Climbing Blood Mountain
Within the first fifty steps up the mountain my legs and back were already aching. When I gasped for air my chest burned. Ready to turn around and admit defeat, I took another short breath and weary step forward. At that moment, I knew that I was in over my head and it wasn’t going to be long before my friends knew it too. Thoughts of sheer panic and anguish started racing through me. For once in my life, I didn’t have the choice to give up. I felt as if I was up the proverbial creek with no paddle, in a sinking boat. I had spent the previous five hours driving away from home, only to find myself regrettably on my way up the Appalachian Trail.
As this unyielding panic rushed through me I thought back a week prior. When I was asked to go camping, I said yes with such enthusiasm. That spark of enthusiasm soon flickered and died and was replaced with the roaring fire of nausea and angst. There I was, the only girl in a wolf pack of men. But I felt more urgently about the fact that I was the only one who had no experience hiking. My friend Tie traveled all around the world climbing mountains and volcanoes. Jake worked for the Peace Corp, and scavenges for water and food in the wild every day. I was convinced they were robots, never getting tired or slowing down. All I could do was watch with awe, as my pace increasingly grew slower. I didn’t say a word about how overwhelmed and defeated I had felt because we had only just started and there was a long journey ahead of us.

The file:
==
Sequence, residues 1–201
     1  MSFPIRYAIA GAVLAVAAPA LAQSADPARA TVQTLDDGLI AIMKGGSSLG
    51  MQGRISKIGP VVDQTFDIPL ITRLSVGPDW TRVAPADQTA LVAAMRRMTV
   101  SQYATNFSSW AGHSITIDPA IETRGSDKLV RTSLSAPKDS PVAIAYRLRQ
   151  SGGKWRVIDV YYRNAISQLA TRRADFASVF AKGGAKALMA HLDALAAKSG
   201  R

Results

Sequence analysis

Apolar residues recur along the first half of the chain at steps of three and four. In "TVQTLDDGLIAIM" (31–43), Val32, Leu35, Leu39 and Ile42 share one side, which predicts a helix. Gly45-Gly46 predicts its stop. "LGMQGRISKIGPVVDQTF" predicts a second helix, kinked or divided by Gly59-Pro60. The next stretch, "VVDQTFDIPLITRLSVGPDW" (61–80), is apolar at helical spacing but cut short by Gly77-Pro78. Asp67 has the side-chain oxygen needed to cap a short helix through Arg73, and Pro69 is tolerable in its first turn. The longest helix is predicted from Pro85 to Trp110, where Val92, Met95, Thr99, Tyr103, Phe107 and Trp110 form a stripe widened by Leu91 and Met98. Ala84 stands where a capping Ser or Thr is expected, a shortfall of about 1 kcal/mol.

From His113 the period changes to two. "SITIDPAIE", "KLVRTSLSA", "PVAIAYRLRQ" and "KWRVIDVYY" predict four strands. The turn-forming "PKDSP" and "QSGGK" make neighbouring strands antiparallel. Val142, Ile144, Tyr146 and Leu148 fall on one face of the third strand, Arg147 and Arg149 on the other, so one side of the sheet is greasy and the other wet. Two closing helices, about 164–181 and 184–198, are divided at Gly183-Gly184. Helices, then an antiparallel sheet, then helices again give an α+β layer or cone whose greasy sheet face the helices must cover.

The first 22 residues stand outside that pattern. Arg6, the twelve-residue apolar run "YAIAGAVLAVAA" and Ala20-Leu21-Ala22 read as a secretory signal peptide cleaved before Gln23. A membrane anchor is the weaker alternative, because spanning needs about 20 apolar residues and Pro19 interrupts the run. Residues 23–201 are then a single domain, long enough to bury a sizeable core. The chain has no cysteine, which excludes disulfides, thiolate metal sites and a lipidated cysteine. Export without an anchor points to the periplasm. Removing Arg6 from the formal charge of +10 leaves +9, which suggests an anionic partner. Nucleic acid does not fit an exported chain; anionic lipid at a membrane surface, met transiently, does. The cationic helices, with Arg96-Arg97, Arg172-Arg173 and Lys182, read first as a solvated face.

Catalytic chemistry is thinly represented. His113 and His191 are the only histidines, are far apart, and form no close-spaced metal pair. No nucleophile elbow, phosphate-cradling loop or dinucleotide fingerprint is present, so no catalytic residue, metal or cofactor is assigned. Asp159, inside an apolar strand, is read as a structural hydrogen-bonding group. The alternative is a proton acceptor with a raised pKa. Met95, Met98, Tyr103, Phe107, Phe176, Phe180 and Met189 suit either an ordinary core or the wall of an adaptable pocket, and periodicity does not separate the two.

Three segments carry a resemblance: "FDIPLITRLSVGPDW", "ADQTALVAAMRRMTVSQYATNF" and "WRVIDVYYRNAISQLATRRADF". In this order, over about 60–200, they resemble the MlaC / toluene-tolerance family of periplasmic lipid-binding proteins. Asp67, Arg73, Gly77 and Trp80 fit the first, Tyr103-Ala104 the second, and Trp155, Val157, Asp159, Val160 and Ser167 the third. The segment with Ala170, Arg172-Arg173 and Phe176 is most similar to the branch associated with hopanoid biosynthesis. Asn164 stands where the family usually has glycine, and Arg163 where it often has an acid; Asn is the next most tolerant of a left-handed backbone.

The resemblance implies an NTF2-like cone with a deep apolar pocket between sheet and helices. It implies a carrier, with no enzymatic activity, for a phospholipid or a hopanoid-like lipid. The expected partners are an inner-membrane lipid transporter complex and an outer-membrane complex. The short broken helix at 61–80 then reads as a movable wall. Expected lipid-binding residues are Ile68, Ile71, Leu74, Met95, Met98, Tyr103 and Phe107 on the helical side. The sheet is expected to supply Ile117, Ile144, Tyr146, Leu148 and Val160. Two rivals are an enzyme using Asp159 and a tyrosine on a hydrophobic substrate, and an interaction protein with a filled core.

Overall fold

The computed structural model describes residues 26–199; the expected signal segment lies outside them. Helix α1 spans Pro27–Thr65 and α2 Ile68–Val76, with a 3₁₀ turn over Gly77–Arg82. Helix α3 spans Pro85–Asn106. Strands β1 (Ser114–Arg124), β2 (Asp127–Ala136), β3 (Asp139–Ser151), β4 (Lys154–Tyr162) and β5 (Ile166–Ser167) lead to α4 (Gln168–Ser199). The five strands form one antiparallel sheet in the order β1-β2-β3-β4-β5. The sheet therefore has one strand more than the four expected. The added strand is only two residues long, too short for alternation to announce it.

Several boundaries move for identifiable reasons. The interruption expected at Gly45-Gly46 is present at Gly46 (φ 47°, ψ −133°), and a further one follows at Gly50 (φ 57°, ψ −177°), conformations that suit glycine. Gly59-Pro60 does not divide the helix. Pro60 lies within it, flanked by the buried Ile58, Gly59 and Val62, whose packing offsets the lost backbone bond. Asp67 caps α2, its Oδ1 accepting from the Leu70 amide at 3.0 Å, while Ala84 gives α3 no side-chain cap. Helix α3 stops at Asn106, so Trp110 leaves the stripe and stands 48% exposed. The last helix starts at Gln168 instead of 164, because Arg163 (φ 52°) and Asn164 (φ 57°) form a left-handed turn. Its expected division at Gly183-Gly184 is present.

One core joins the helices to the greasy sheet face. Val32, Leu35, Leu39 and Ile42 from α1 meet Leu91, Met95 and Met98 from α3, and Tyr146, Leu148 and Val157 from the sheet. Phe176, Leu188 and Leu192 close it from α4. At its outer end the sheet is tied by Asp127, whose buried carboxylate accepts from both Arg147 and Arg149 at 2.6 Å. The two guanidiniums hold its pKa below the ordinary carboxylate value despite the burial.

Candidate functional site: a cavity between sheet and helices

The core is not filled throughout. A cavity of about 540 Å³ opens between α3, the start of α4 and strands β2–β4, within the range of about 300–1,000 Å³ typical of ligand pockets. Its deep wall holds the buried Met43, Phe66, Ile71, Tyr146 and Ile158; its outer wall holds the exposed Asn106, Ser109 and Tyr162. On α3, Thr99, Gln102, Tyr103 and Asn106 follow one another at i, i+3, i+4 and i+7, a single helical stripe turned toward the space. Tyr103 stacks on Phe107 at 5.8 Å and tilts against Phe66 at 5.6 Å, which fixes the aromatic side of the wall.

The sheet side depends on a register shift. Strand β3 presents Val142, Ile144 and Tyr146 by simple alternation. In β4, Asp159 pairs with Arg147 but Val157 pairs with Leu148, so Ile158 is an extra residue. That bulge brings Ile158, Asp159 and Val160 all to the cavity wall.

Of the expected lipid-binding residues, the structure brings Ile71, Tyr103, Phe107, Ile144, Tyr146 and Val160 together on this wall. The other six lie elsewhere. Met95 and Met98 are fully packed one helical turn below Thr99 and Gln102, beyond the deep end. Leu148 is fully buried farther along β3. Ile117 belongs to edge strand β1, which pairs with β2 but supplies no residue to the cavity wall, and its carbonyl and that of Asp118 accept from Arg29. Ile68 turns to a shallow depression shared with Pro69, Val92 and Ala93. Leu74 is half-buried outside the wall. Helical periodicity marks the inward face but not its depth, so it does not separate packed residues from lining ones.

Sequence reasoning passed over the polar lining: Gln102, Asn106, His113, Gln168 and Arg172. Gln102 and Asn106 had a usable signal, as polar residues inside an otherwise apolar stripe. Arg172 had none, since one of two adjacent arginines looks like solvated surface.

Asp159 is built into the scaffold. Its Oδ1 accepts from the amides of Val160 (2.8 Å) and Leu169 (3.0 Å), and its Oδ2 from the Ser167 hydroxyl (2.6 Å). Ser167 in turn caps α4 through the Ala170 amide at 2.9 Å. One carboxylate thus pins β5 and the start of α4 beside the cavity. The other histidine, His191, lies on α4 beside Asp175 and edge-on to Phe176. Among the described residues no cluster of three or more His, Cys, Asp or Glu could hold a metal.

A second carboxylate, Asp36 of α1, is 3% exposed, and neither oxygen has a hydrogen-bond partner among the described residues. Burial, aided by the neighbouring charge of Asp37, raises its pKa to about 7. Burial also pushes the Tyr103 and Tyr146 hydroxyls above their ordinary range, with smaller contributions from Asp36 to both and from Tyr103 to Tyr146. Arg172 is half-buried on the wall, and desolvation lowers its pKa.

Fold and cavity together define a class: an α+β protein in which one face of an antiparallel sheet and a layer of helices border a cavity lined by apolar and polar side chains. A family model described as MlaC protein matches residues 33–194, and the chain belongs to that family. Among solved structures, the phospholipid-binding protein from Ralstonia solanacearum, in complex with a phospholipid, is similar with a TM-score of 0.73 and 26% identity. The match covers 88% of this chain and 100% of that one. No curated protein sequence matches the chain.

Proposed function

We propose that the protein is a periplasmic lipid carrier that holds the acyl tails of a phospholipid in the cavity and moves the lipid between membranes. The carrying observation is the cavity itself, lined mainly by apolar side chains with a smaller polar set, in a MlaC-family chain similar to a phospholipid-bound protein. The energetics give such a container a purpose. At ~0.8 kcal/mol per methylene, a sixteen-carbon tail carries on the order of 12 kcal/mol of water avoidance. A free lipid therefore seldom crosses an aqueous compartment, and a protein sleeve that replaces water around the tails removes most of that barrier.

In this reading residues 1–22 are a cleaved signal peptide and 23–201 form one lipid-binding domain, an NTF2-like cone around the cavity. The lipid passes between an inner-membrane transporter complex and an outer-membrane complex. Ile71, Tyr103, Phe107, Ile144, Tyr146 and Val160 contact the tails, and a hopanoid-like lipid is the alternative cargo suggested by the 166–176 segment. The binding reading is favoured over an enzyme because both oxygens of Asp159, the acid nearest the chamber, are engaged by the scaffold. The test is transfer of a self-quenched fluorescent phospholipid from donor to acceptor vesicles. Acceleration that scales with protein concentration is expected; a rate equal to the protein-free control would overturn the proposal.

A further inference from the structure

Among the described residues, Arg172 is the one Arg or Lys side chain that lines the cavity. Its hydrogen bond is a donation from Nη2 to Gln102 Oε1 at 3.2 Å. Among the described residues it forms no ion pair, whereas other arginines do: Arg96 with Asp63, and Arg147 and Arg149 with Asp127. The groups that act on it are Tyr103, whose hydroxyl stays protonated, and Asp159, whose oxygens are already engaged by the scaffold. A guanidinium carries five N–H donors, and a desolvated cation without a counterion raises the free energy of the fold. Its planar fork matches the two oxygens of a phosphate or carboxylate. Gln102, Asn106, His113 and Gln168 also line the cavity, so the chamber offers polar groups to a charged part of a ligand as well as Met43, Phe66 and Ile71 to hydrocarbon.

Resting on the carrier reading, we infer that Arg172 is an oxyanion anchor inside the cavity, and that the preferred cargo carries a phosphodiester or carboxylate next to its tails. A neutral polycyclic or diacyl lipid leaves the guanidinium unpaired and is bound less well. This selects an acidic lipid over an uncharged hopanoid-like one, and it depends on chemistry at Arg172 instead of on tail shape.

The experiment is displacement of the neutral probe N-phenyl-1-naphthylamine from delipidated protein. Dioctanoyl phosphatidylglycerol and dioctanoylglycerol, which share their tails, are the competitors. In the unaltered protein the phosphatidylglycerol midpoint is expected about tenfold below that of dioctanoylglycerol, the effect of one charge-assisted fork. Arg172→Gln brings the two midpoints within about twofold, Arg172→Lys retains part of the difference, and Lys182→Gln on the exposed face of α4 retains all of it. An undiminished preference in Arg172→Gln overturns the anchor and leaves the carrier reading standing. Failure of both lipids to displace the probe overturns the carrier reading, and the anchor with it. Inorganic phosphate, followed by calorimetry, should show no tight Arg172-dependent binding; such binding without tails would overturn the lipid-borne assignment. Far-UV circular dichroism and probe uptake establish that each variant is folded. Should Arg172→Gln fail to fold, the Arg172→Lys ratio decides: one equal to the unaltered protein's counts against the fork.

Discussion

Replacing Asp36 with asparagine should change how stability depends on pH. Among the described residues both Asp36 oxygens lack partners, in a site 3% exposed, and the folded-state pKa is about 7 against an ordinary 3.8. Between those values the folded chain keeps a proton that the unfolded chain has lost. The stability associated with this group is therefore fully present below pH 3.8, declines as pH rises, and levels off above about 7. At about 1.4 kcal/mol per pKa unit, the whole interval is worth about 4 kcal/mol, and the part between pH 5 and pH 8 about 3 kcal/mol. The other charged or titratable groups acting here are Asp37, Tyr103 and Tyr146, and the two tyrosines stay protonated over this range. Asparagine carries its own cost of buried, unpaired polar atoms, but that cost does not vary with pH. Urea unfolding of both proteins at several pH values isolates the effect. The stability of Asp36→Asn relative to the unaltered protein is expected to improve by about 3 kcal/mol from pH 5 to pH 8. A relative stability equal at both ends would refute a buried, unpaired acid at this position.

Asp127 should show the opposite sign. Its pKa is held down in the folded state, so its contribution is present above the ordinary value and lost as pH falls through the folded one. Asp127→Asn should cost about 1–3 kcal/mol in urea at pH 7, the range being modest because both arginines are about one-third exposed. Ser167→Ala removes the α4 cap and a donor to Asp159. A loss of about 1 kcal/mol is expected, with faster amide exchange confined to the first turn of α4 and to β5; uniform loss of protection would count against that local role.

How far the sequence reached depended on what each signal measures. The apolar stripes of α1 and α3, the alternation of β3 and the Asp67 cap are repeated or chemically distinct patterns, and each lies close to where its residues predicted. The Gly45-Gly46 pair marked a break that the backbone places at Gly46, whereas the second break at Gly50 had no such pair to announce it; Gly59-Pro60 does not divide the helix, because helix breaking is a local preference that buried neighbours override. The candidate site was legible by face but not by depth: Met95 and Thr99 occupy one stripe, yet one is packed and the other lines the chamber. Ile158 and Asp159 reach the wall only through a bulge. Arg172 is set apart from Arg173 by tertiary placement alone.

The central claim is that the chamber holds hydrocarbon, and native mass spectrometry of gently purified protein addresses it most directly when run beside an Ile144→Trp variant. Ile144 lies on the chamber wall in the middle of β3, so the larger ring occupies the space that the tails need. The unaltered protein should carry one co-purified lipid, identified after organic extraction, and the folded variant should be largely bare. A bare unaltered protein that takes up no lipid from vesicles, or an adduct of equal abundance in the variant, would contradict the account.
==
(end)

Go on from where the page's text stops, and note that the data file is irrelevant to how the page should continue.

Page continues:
When I climbed over the last hill, I could see Tie setting up camp. I threw my pack on the ground and immediately, with no expression, I started to set up my own tent. I did it with urgency. I knew that if I didn’t quickly complete my task I was going to sit down and not get back up. When I finished I sat next to the fire, with a blank look on my face. I still hadn’t really even spoken a word, I was afraid of what was going to come out. I heard a voice out of the haze...